Sous Vide Machine – This one is obvious. To cook sous vide, you’re going to need a device to precisely regulate the temperature of the bath water. The two best sous vide machines in the game right now are the Anova Precision Cooker and the Breville Joule.
The main difference between the two is that with the Anova you can control the device both manually and with a mobile device, and with the Joule you can only control the device by using your mobile device. Either way, both sous vide machines are top class and you can’t go wrong with either choice.
12-quart Container – Although you can use a basic stockpot for your sous vide cooking needs, I highly recommend buying a large plastic container. They are inexpensive and spacious, so you won’t have to worry about cooking a big roast in a small pot. I recommend a 12 quart Rubbermaid container, as it is BPA free, sturdy, and large enough for just about anything you will be cooking.
Container Lid – If you are going to buy a plastic container, I highly suggest buying a compatible lid for it. When you sous vide for a long duration, the heat of the water causes evaporation. With a lid, it eliminates a majority of the evaporation so you can cook for hours care-free.
Cast Iron Skillet – If you are looking to take your searing game to the next level, we recommend investing in a cast iron skillet. By using a cast iron in this recipe, you’ll achieve a deep sear on the protein. Cast irons are also extremely handy for searing just about any and all sous vide meat. Lodge offers the best quality and price, which is why it is our favorite cast iron brand.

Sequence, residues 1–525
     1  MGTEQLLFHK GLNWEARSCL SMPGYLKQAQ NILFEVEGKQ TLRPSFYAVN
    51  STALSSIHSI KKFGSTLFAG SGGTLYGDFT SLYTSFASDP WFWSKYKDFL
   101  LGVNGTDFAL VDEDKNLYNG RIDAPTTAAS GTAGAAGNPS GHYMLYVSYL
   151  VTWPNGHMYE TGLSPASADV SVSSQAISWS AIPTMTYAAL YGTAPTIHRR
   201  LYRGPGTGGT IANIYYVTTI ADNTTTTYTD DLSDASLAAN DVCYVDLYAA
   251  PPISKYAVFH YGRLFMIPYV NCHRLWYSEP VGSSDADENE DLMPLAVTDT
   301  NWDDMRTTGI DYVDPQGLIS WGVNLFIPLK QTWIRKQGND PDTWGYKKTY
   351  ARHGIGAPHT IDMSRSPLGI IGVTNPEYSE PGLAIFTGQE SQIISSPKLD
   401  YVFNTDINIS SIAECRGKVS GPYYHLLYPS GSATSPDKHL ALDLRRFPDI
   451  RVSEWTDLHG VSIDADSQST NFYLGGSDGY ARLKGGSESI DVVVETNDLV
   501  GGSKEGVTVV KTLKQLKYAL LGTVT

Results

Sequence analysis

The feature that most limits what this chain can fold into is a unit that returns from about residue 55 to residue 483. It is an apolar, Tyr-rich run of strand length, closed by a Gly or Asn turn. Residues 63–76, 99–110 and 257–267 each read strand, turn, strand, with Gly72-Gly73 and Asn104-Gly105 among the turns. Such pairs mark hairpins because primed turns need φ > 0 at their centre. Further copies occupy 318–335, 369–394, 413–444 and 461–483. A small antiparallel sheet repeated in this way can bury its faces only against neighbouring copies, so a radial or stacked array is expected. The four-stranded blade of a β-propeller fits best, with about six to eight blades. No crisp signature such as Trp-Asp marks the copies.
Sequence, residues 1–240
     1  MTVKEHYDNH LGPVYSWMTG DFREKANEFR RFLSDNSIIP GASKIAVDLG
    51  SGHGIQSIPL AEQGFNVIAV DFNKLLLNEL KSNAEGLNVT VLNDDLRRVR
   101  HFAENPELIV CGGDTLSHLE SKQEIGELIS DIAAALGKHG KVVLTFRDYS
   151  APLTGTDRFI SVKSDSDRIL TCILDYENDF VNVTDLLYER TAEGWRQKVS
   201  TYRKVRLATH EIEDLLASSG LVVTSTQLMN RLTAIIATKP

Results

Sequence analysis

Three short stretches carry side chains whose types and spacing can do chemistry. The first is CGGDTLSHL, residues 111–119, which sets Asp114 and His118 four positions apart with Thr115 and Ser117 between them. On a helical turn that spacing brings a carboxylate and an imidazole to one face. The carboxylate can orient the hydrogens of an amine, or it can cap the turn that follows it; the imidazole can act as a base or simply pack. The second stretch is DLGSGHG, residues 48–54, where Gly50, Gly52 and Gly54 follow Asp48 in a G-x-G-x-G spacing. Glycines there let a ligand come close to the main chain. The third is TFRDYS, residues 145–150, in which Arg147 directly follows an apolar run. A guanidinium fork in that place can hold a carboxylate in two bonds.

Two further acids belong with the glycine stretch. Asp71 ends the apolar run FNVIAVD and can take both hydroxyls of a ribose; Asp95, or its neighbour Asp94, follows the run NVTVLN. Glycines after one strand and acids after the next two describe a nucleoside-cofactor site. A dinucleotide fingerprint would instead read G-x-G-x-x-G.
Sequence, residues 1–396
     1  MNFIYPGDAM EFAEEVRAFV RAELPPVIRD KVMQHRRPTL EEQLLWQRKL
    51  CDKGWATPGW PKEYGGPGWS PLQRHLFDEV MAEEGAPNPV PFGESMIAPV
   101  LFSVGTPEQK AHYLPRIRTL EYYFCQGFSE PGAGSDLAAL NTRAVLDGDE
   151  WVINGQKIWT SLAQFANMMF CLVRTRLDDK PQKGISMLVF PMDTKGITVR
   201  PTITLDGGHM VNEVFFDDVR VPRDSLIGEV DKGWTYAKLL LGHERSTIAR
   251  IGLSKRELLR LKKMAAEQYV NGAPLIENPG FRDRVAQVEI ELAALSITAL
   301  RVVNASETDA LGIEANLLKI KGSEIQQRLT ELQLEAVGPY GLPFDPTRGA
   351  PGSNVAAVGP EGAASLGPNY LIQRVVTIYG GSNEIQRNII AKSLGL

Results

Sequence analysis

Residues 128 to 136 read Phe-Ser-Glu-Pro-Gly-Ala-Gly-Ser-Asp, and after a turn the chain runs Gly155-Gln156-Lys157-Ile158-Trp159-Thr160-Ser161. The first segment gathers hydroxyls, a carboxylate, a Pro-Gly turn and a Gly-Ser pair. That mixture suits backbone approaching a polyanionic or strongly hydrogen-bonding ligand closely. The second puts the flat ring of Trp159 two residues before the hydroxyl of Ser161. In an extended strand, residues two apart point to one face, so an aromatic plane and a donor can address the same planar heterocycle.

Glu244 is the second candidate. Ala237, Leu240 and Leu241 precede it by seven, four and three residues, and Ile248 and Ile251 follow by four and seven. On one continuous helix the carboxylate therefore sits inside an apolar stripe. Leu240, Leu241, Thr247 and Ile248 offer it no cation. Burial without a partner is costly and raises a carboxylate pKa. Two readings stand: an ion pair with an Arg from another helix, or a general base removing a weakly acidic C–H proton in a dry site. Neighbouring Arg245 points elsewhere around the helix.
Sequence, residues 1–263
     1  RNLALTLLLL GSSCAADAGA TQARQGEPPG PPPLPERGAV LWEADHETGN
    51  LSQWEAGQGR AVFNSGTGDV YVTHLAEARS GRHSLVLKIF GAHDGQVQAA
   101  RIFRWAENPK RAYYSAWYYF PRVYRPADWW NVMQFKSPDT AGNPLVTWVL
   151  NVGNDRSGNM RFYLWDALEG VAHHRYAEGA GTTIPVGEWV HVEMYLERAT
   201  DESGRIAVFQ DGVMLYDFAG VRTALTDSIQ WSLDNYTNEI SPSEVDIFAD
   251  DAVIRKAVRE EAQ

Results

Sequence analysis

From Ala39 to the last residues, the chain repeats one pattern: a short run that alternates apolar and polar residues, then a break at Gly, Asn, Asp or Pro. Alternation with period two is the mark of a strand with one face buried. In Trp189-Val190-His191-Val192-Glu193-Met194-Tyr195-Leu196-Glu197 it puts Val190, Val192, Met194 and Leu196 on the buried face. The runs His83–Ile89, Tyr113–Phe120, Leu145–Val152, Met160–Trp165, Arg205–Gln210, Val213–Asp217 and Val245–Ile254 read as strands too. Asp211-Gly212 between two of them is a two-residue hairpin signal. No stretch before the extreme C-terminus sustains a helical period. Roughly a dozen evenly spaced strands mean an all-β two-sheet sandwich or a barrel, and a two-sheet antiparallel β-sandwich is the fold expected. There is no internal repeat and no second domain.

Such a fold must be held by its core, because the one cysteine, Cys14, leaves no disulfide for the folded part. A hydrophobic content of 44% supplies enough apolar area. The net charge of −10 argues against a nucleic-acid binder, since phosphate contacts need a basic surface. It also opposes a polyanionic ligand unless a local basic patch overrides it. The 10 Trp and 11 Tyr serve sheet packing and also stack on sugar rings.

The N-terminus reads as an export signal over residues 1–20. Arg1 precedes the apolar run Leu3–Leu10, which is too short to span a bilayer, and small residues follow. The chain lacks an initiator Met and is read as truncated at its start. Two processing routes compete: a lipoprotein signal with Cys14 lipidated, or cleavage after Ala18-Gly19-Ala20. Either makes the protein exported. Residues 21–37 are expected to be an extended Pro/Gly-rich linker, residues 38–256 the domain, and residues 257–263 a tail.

Next Level Sous Vide –Looking to take your sous vide skills to the next level? The Next Level Sous Vide eCookbook will push your culinary boundaries with 65 delicious recipes that are equally approachable and tasty. With pro tips and a detailed explanation of the sous vide process, you will be on your way to maximize your sous vide skills.
Check out our full list of recommended gear here.
Sous Vide Short Ribs with Red Wine Reduction
- 4 beef short ribs, bone-in (roughly 8 ounces each)
- 1 1/2 cups full bodied red wine, preferably Cabernet
- 3 cloves garlic, minced
- 2 Tbsp unsalted butter
- 2 cups beef broth
- Salt and pepper to taste
Set sous vide machine to 62C/144F.
Place short ribs in freezer bag and remove the air through a vacuum sealer or the displacement method. Drop the bag in the bath for 48 hours.
Remove bag from bath. Take short ribs out of the bag, pat dry and season with salt and pepper to taste.
Heat butter in a large sauce pan over medium-high heat. Add the garlic and stir until softened and fragrant, about 1 minute. Pour in the wine, bring to a boil and cook until it is reduced by half. Add beef broth and cook over medium-high until reduced and thickened, about 15 to 20 minutes. Once reduced, taste for seasoning and add salt if necessary.
Heat a large skillet on high and add oil. Sear for 90 seconds on each side, using a pastry brush to glaze the red wine reduction onto the short ribs as it sears. Remove from pan and place on plate to rest. Cut the short ribs into desired size, top with remaining sauce and serve with your favorite sides. Enjoy!
Please ensure that the short ribs you use in this recipe are English style, which is when there is a thick piece of meat sitting on top of one piece of bone. Please do not use Flanken or cross-cut short ribs.